Serbia and Montenegro is taking some small steps to promote human rights, however, its progress is limited by continued impunity for those who committed war crimes. The government is unwilling to cooperate fully with the International Criminal Tribunal for the former Yugoslavia and efforts to prosecute war criminals before domestic courts are inadequate. Additionally, the government has failed to respond effectively to attacks against ethnic minorities.

International Criminal Tribunal for the former Yugoslavia (ICTY)
Serbia and Montenegro’s cooperation with the ICTY took a marked turn for the worse after the December 2003 parliamentary elections and the establishment of a new Serbian government dominated by the nationalistic Democratic Party of Serbia (DSS). Serbian Prime Minster Vojislav Kostunica openly opposes the arrests of suspects indicted by the ICTY, arguing that they should surrender voluntarily.

On October 9, 2004, former Bosnian Serb army general Ljubisa Beara, charged with genocide for crimes committed against Bosnian Muslims in Srebrenica in 1995, was transferred to the ICTY. Serbian officials insisted that Beara surrendered voluntarily, notwithstanding the claims by the ICTY Office of the Prosecutor that Beara was arrested. As many as fifteen ICTY indictees remain at large in Serbia and Montenegro, or traveling back and forth between Serbia and Montenegro and Republika Srpska (Bosnia and Herzegovina). They include Ratko Mladic, the former general of the Bosnian Serb army, and Bosnian Serb wartime leader Radovan Karadzic.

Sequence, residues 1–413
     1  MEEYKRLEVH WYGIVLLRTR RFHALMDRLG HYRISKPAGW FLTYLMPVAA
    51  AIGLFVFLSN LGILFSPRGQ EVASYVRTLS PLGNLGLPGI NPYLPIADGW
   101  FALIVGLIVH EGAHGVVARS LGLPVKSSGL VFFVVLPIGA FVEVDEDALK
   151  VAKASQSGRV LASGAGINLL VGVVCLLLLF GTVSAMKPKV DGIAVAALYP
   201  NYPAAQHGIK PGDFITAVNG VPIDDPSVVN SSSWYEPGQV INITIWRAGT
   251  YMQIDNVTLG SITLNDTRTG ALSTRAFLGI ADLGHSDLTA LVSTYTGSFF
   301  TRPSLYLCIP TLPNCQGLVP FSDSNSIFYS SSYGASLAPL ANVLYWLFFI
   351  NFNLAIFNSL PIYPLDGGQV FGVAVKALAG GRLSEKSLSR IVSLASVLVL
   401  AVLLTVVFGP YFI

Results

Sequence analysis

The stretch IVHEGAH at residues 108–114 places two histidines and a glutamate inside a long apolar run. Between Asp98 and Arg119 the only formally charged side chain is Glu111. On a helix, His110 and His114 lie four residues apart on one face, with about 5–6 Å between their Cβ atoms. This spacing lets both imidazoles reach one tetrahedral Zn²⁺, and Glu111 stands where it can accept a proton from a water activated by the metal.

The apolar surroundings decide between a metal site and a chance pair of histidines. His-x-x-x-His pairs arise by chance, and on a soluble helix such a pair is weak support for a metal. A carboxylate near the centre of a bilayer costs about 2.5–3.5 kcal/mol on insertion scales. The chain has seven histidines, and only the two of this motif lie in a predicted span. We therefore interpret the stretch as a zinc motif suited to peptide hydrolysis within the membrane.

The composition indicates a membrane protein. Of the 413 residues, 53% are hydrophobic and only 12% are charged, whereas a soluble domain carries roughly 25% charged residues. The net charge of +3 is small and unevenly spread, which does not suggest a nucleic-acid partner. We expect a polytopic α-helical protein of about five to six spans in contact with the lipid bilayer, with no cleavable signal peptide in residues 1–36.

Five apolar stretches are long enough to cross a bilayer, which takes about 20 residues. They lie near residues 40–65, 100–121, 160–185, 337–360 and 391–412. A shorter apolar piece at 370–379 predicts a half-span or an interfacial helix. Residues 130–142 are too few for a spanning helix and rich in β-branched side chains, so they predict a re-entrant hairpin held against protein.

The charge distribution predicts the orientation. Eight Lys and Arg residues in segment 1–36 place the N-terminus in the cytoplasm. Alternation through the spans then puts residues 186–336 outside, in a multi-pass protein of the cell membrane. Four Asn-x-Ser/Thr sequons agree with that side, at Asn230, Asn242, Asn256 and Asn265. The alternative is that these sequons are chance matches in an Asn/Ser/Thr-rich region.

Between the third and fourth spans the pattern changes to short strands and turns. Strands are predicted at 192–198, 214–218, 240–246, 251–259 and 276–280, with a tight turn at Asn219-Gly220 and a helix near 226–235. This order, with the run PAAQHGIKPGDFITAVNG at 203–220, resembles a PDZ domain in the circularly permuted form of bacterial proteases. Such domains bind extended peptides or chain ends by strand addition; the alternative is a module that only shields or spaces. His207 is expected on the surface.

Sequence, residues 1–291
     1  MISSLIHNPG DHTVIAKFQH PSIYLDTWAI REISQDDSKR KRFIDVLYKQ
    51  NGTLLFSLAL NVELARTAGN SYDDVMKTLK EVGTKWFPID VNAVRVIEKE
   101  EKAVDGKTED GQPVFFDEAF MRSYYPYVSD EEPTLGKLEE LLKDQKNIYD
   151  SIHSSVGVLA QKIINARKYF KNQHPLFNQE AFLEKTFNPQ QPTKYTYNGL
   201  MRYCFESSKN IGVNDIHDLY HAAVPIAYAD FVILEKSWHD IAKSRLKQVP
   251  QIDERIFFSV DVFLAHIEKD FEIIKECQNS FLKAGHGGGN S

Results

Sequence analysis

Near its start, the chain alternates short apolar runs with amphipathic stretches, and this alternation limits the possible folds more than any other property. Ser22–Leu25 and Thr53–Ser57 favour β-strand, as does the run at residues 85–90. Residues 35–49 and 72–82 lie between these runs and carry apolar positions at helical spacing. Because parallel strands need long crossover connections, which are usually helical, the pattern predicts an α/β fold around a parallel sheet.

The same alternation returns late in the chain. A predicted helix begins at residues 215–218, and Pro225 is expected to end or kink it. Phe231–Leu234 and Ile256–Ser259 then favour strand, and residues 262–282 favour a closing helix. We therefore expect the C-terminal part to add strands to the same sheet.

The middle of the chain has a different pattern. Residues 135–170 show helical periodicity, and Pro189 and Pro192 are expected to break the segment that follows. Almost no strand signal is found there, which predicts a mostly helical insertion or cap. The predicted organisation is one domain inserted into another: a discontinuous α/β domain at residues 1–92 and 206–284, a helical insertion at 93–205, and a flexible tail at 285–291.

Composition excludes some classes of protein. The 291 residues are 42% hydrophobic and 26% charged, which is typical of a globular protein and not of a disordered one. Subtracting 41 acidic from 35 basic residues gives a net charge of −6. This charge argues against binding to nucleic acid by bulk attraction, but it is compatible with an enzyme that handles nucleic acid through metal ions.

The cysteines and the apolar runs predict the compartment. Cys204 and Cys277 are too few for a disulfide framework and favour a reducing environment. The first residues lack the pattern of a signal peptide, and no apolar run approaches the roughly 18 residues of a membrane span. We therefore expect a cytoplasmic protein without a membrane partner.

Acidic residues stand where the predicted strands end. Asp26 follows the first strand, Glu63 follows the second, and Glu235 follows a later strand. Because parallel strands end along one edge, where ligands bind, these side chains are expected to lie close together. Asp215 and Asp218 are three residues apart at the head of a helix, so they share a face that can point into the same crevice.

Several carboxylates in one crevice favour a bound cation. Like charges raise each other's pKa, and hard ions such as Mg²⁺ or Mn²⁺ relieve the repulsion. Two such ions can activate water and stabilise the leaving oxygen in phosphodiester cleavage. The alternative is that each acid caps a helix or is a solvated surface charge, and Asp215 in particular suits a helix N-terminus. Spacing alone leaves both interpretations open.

The government has been particularly obstinate in its refusal to transfer to ICTY custody three former army and police generals—Nebojsa Pavkovic, Vladimir Lazarevic, and Sreten Lukic—indicted for war crimes in Kosovo in 1999. Prime Minister Kostunica and his cabinet continue to insist that the ICTY should allow them to be tried in Serbia. The political climate in Serbia and Montenegro—where the men are widely regarded as patriots—and the absence of a genuinely independent judiciary make the chances of a credible prosecution being mounted against them in Serbia very slim.

Domestic War Crimes Trials
The prosecution of war crimes cases before domestic courts in Serbia is hampered by a lack of political will on the part of the authorities, and the unwillingness of the police to provide evidence to the prosecutor's office. The creation of a special war crimes chamber in 2003 appeared to signal an increased seriousness of purpose. But during 2004 the chamber heard only one trial, yet to be completed at the time of this writing, in a case arising from the November 1991 killing of 200 Croats, near Vukovar, Croatia. In addition, Sasa Cvjetan was convicted in March 2004 by the Belgrade district court for killing fourteen Kosovo Albanian civilians in March 1999 in Podujevo, Kosovo. Cvjetan was sentenced to twenty years’ imprisonment.

Current legislation in Serbia contains only rudimentary witness protection mechanisms. The government has drafted a new law on protection of witnesses and other participants in criminal trials, but as of November 2004 the draft law had yet to be enacted.